Progress has been quite slow, but I did finally get to a point where I’ve had several successful hover tests. Now I’m trying to guesstimate what values to set the transition parameters to get the best chance of success, Also setting up all the modes I think I’ll need as well as scripting a test plan. I will likely find some piece of desert for my testing. I’m hoping that the code as it stands right now will work w/o much modification. I’ll need to study it a bit more to see exactly how the transition takes place, and also see how flight testing goes and if it needs any more software written for the transition, Hopefully it’s mostly just a tuning exercise. I think my biggest concern now is the possibility for some violent pitching in the transition that the control system can’t keep up with. That could be exasperated by not having the plane control optimized. I’m using the tuning from the other ranger VTOL as a starting point. We’ll see. How’s your progress?

Meant to say Noah. Sorry…

Hi Chris,
Sounds like an interesting and fun project. I hope you’re successful. I’m looking to build a VTOL 80" flying wing but using a tricopter (Y3) configuration for lowest complexity, cost, and weight. Since you’ve been studying the code, do you know how the Y6 controls yaw? I’m assuming it simply converts the yaw value into differential throttle on each pair of motors so all the bottom motors slow down while all the top motors speed up for one yaw direction and vice-versa. If that’s the case, I’m wondering if modifying the Y6 to a Y3 could be done by eliminating all the bottom motors and converting the yaw signal to PPM format for the yaw servo?? Maybe there would be a lot more to it than that.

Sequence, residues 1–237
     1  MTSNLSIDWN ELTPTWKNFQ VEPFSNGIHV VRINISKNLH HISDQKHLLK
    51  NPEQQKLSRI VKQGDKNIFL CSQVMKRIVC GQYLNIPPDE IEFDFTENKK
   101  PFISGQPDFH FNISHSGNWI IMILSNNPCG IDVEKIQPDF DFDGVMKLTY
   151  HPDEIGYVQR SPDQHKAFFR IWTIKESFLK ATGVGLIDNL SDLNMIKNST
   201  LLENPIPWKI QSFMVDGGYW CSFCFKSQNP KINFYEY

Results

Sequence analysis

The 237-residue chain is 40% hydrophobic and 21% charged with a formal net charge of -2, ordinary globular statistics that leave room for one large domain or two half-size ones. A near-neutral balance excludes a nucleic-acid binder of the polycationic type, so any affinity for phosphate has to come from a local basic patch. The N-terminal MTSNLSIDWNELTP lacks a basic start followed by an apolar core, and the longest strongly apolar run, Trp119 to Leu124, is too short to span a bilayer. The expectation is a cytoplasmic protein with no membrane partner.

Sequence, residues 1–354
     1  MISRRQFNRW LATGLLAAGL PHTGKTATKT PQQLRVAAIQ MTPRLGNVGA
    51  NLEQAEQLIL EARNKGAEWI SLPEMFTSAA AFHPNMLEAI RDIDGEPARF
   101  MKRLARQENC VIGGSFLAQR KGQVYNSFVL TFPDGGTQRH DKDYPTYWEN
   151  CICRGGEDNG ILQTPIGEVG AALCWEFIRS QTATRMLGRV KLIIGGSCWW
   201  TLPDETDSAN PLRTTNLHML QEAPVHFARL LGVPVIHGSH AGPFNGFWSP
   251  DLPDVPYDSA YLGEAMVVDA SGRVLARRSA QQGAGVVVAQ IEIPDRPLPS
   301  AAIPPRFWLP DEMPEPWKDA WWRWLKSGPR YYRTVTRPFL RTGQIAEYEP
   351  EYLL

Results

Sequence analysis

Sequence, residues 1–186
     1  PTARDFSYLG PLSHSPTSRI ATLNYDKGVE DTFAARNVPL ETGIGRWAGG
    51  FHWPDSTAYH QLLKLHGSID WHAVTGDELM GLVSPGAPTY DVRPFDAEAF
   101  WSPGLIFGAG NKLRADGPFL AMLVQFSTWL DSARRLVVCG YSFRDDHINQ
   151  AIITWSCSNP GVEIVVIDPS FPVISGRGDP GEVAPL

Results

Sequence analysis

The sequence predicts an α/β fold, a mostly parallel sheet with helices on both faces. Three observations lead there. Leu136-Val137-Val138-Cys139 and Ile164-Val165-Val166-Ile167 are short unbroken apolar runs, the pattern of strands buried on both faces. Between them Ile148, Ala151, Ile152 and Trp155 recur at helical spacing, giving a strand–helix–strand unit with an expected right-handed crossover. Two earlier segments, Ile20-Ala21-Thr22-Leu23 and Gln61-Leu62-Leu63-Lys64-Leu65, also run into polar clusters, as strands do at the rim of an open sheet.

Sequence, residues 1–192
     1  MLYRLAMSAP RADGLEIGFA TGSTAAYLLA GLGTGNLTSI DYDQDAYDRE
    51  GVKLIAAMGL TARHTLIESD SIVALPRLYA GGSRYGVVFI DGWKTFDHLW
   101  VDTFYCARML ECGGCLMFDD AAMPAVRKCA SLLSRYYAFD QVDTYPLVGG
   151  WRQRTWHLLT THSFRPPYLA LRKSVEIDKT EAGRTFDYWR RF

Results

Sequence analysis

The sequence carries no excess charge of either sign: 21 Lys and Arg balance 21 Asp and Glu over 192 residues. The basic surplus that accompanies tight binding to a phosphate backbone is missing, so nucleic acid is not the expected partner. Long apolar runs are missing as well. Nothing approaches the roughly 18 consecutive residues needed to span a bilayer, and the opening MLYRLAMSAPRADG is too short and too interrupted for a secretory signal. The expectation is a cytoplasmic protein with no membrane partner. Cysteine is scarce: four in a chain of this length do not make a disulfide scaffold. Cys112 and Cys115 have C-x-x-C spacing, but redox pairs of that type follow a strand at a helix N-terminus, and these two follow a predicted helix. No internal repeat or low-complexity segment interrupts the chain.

Hi Dan,
I don’t know specifically how the Y6 controls yaw, but what you suggest makes sense and probably the most likely implementation. I believe there is a Y3 configuration for the MC controller already available, so if you specify that in your main mixer file instead of the Y6, you should be good to go.

If you’re not familiar with the mixer files, you will need to get acquainted with them, as well as how to rebuild the code and download to your aircraft. There is an excellent developers guide that walks you thru a step by step process of that. There is also a mixer guide that explains how the miser files work. Some Google searches will lead you to those pretty quickly.

Good luck!


Chris, thanks for your comments. It’s going to be slow-going for me as I’ve only done small amounts of coding before. I’m an electrical engineer working in the aerospace industry. How’s your project coming along? Are you still working on it?